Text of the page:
London – If you want someone to spill their secrets, make them laugh.
Research shows that we are more likely to tell others intimate information after having a good giggle.
It also seems that laughter is so intoxicating that we give away our secrets without realising it.
University College London researchers say that laughter is key to forming relationships – and we should take it more seriously.
To study the value of laughter, they asked more than 100 Oxford University students to watch a clip from a Michael McIntyre comedy show, a golfing instruction DVD or a David Attenborough nature documentary.
Afterwards, the students were asked to write a message to someone else in their group to help them get to know them better. Those who laughed their way through Michael McIntyre were more likely to disclose personal information than those who watched the golf and nature videos, even if they liked them.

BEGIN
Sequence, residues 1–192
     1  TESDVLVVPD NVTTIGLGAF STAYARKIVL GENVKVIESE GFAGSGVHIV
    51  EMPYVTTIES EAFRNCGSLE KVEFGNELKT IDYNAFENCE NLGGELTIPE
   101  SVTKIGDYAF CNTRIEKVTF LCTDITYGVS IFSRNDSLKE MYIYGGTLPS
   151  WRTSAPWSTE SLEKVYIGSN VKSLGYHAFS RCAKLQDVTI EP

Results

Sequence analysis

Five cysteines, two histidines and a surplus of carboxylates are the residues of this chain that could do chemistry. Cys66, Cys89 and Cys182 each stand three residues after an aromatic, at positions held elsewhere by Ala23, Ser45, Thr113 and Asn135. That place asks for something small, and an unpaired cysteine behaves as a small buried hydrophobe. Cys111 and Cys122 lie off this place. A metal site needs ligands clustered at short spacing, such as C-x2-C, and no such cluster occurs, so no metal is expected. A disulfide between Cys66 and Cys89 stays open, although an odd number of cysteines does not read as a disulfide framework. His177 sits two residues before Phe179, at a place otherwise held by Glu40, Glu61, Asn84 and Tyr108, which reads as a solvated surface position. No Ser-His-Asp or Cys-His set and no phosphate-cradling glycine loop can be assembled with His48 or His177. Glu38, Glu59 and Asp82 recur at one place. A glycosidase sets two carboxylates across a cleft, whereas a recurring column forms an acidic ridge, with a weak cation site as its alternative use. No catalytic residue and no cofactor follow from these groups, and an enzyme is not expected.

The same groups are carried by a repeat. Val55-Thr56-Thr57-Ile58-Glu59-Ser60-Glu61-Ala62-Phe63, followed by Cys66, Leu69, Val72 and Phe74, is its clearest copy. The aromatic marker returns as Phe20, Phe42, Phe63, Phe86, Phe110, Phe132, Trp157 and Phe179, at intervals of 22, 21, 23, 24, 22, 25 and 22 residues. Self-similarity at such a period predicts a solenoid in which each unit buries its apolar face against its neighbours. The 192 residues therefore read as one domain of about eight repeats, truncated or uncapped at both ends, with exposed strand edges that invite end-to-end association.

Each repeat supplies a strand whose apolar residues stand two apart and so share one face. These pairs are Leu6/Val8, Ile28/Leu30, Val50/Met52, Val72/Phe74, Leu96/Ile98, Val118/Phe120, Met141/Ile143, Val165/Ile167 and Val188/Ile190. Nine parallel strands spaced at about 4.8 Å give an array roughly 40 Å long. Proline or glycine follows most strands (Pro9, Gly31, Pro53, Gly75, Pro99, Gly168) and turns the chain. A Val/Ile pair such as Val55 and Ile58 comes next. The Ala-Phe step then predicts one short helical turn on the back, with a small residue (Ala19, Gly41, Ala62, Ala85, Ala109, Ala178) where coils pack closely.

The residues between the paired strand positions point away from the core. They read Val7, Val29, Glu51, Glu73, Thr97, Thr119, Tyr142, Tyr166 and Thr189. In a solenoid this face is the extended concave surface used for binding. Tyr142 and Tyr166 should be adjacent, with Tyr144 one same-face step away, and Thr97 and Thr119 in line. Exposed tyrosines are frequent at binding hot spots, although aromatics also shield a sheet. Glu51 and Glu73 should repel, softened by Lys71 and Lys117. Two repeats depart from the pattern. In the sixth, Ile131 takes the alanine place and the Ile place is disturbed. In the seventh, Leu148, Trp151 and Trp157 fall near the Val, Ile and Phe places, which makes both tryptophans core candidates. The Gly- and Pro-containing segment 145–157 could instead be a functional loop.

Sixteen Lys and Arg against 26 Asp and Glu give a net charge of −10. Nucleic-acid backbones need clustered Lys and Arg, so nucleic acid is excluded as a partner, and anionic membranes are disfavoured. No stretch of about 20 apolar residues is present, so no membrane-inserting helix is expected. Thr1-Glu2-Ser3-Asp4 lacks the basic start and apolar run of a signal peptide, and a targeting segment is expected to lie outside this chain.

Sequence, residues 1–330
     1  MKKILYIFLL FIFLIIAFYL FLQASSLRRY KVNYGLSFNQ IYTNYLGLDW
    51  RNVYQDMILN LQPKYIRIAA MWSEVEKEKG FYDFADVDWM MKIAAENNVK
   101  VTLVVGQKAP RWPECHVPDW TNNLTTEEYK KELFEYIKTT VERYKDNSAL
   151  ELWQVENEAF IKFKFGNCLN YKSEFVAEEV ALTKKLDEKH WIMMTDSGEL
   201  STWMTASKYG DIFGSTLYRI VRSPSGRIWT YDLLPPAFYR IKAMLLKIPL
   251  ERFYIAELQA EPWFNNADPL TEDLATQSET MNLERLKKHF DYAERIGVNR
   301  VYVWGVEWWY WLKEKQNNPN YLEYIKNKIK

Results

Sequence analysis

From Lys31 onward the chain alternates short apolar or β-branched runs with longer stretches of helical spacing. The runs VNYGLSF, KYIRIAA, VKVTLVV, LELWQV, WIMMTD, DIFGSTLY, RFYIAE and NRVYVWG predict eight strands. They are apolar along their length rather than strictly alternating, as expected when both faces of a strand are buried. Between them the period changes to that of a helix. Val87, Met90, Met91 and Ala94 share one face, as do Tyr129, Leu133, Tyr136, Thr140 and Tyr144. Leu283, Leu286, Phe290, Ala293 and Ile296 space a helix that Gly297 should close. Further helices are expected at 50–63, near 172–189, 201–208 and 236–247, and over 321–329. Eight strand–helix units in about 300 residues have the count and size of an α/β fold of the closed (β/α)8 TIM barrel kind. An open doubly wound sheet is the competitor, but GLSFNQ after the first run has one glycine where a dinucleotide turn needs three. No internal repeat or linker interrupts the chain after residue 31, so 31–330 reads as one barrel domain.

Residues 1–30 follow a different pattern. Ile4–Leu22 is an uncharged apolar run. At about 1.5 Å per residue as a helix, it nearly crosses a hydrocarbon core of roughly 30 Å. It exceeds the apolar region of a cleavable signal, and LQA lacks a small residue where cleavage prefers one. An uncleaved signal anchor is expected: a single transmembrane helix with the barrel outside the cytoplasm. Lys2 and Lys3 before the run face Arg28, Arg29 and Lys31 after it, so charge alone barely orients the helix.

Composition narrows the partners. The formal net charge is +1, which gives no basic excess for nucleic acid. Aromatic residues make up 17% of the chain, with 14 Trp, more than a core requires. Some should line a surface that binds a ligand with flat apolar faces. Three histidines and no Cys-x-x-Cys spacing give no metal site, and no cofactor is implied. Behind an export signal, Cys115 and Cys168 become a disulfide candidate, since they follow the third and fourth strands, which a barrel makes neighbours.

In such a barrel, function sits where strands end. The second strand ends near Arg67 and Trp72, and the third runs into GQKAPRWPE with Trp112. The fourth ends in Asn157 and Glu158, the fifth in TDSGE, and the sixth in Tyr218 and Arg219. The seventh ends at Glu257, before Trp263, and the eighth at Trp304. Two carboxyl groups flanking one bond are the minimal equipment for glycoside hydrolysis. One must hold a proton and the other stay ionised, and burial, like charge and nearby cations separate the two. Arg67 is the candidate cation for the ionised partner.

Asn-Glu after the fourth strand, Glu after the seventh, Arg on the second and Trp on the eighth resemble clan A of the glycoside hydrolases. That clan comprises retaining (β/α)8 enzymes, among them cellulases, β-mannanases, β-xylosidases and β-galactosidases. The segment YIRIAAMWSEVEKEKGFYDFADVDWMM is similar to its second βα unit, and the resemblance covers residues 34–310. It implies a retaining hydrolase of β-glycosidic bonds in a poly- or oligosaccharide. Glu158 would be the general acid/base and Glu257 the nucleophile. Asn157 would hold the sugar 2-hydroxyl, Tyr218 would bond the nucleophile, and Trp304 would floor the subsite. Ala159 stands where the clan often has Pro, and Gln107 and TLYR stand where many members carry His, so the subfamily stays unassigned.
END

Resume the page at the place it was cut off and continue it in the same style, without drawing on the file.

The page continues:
Writing in the journal Human Nature, the researchers said that simple enjoyment is not enough for us to spill our secrets.
Instead, it seems laughter is the key. This may be because it triggers the release of endorphins – ‘feel-good’ chemicals that make it us less inhibited.
Endorphins may also make us less focused on ourselves, perhaps explaining why those who confided personal details seldom realised how juicy their information was.Daily Mail